**Why Informatica converts Decimal to Double?**

The Decimal and Double types are different in the way that they store the values. Precision is the main difference where double is a 64-bit floating-point data type and decimal is a 128-bit floating point data type.

Data type | Precision | Size |

Double | ~15-17 digits | 8 bytes |

Decimal | 28-29 digits | 16 bytes |

If you are working with larger range of numbers like currency in your calculations and precision is mandatory, it is required to use Decimal to maintain accuracy and precision of the values.

Decimal can 100% accurately represent any number within the precision of the decimal format, whereas Double, cannot accurately represent all numbers, even numbers that are within their respective formats’ precision. But in performance wise Decimals are slower than double data types and occupy double the space.

If you don’t enable the High Precision, Informatica defaults to double after 15 digits to increase performance. If you need to maintain the accuracy beyond 15 digits, enable high precision property.

**How are the Double values Rounded off?**

You can also observe the precision loss in Excel beyond 15 digits. Let us understand how these values are rounded off. (Copy paste the values from table below into Excel and see yourself how they are represented)

Excel – Text | Excel – General | Excel – Number |

123456789012345 | 1.23457E+14 | 123456789012345 |

1234567890123456 | 1.23457E+15 | 1234567890123450 |

12345678901234567 | 1.23457E+16 | 12345678901234500 |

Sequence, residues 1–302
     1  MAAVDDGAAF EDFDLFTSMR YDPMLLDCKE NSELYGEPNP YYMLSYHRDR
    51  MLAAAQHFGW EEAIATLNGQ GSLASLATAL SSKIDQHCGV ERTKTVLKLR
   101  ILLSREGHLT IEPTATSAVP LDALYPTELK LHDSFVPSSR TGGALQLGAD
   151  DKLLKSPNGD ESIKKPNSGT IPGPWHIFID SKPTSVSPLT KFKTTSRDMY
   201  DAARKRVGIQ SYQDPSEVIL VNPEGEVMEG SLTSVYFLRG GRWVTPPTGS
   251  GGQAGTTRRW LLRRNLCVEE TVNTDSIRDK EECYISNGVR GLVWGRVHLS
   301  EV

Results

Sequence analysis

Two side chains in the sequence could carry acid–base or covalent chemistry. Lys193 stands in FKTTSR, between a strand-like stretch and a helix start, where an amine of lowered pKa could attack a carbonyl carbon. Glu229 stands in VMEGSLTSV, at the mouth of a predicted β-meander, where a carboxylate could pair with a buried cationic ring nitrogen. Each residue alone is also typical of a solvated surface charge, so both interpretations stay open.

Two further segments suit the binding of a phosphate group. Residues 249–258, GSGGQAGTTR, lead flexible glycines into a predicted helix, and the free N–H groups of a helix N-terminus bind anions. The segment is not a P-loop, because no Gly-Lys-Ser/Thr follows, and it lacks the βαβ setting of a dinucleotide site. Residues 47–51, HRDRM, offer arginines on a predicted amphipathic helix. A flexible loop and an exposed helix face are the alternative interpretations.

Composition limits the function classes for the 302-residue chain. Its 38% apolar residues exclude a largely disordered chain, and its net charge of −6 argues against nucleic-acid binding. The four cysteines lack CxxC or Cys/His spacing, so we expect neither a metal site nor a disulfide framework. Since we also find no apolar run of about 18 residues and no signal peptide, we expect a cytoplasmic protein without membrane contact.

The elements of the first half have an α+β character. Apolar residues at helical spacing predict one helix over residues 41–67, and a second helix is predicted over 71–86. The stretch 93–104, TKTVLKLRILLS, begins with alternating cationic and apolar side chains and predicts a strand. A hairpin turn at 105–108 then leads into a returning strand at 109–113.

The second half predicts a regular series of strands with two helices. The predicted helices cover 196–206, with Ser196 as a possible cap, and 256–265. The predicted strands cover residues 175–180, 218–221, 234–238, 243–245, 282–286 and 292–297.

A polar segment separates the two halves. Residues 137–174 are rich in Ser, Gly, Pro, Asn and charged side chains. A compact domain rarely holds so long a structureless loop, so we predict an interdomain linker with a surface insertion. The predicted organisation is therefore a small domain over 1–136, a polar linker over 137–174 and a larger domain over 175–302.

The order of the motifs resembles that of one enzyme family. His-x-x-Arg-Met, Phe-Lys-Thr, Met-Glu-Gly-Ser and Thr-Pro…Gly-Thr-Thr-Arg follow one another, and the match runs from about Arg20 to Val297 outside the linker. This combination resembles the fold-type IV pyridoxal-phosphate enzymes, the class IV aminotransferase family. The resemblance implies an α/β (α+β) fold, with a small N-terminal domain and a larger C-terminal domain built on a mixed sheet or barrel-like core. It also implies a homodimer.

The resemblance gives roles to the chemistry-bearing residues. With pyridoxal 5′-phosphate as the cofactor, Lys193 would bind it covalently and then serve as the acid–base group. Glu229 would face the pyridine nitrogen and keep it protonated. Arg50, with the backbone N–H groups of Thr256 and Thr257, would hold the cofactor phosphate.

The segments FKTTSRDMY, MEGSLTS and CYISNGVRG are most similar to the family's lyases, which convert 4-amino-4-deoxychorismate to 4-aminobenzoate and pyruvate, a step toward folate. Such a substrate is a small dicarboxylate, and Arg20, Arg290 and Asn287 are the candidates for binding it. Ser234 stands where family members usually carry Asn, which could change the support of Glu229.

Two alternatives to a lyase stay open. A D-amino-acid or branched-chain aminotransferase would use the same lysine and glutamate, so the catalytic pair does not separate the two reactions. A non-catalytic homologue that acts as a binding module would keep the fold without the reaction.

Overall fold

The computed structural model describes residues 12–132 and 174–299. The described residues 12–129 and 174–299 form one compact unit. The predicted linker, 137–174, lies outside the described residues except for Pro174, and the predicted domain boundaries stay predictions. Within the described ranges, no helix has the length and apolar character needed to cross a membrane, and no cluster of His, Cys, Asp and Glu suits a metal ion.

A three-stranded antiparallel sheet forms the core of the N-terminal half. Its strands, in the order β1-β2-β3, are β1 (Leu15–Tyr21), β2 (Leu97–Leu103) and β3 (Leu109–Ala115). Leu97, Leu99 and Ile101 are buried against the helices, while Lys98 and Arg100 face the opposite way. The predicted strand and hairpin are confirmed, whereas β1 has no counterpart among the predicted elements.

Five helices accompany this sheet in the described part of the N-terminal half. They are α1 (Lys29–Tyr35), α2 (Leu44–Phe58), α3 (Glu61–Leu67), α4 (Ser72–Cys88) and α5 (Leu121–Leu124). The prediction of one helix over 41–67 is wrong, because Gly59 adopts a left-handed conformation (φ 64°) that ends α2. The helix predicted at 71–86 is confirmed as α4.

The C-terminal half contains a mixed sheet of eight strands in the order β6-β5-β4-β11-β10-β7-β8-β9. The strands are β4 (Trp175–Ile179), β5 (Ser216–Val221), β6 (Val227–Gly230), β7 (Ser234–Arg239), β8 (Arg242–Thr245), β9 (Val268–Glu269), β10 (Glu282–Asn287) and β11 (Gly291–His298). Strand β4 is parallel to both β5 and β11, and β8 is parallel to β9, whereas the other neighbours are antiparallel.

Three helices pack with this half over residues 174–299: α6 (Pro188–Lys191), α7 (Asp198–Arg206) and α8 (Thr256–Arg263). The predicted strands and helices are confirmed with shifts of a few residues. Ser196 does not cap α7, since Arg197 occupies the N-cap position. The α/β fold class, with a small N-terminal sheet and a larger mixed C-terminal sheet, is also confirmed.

123456789012345678 | 1.23457E+17 | 123456789012345000 |

1234567890123456789 | 1.23457E+18 | 1234567890123450000 |

40012030304957666903 | 4.0012E+19 | 40012030304957600000 |

We must first understand floating point. The idea of this is that basically you have one integer (the mantissa) which gives some scaled representation of the number, and another (the exponent) which says what the scale is, in terms of “where does the dot go”. For instance, 34.5 could be represented in “decimal floating point” as mantissa 3.45 with an exponent of 1, whereas 3450 would have the same mantissa but an exponent of 3.

```
34.5 = 3.45x10^1
3450 = 3.45x10^3
```

The excel also rounds the values using the floating point as below. The precision after decimal point is retained until 14 digits.

```
123456789012345 = 1.23456789012345 x 10^14
1234567890123456 = 1.23456789012345 x 10^15
12345678901234567 = 1.23456789012345 x 10^16
123456789012345678 = 1.23456789012345 x 10^17
1234567890123456789 = 1.23456789012345 x 10^18
40012030304957666903 = 4.00120303049576 x 10^19
```

Informatica also rounds the values in similar method but also generally implements symmetric arithmetic method which rounds the last number to next higher digit when the last digit is 5 or greater. I just took excel as an example as it is easy to explain and you can try yourself practically to understand better.

If you are with me until here, I appreciate it and hope you have learned something new and interesting how Informatica handles Decimal values.